2. The next day was Barcelona against Bayer Leverkusen. Lionel Messi made it totally irrelevant with two goals in the first half – and three more in the second half – for a 7-1 aggregate victory. All right, the little feller is the best player in the world, no point going over that. But with all due respect, Messi is also the hit man for the most beautiful soccer being played on this planet.
Forget about uniforms and faces and numbers; the style of Barcelona is interchangeable with the World Cup champion, Spain. That is not news, since many of them are the same players. Because they play together so often, to watch Barça move the ball is to watch the Bolshoi Ballet, choreography at the highest. They have been playing this way so long in this generation that it no longer requires thinking.
American fans observe Our Lads pausing, deliberating whether their teammate will actually be there if they propel the ball into that open space, but the Barça players know. Human pinball. Thump. Off Pique’s instep. Plock. Off Iniesta’s chest. Ping. Off Xavi’s toes. And there goes Messi, chipping home a goal at full stride.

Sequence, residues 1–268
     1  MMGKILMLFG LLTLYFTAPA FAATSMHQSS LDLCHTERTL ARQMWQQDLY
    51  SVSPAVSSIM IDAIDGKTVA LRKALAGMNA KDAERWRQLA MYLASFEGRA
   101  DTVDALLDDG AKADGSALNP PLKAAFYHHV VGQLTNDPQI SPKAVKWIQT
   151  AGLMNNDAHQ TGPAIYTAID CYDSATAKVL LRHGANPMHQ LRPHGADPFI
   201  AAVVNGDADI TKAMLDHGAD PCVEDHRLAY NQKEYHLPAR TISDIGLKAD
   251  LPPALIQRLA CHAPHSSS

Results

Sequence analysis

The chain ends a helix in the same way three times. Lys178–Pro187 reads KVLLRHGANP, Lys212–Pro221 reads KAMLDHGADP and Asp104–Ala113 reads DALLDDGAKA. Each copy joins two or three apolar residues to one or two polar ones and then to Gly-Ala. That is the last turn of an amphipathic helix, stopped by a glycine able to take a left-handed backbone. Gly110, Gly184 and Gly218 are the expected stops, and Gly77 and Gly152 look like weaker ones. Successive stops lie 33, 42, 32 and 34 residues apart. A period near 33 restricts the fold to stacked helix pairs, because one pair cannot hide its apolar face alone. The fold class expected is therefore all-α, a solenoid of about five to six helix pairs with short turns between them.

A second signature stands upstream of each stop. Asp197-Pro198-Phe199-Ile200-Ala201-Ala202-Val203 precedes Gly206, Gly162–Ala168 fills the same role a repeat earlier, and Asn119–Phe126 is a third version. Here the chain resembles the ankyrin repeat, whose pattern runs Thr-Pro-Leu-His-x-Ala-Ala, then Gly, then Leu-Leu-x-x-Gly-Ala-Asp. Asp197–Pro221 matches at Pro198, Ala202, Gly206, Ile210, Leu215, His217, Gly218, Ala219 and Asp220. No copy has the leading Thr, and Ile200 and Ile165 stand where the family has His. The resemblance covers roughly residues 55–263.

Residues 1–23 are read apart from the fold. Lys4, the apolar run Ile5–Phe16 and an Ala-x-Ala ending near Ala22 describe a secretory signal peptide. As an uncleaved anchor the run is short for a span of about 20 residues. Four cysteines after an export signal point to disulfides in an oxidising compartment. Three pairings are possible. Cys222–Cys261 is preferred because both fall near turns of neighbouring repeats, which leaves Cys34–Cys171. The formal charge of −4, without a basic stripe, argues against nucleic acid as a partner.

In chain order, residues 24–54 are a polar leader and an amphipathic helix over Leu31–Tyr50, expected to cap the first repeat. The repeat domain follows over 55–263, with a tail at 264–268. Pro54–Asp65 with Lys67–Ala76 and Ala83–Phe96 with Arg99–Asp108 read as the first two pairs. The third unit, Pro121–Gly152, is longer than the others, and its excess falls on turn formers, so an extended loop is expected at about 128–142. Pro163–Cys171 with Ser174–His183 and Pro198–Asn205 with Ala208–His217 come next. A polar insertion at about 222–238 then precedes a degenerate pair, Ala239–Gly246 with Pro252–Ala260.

3. Sometimes the brilliance arrives via the Web, the whole world taking pride in what somebody did on some other continent. On Wednesday, Neymar, the 20-year-old prodigy for Santos of Brazil, took off on a spontaneous run that must have been 70 meters long, a mixture of Olympic sprint and tailback initiative. The difference was that nobody called his play or directed him to the starting blocks. The ball arrived in his vicinity and Neymar took off, just to see if anybody could keep up with him. He shed defenders as he pushed the ball, and then he split two more defenders, muscling them at high speed, before beating the keeper on the run. Joga bonito in its home country.
Two questions: when will Neymar move to Europe? (Three questions, really; might Champions League defenses slow him down?) And might Neymar help win a World Cup at home in 2014 – before Messi ever wins one? That kind of speculation was on everybody’s mind as the whole world watched the video of Neymar’s run.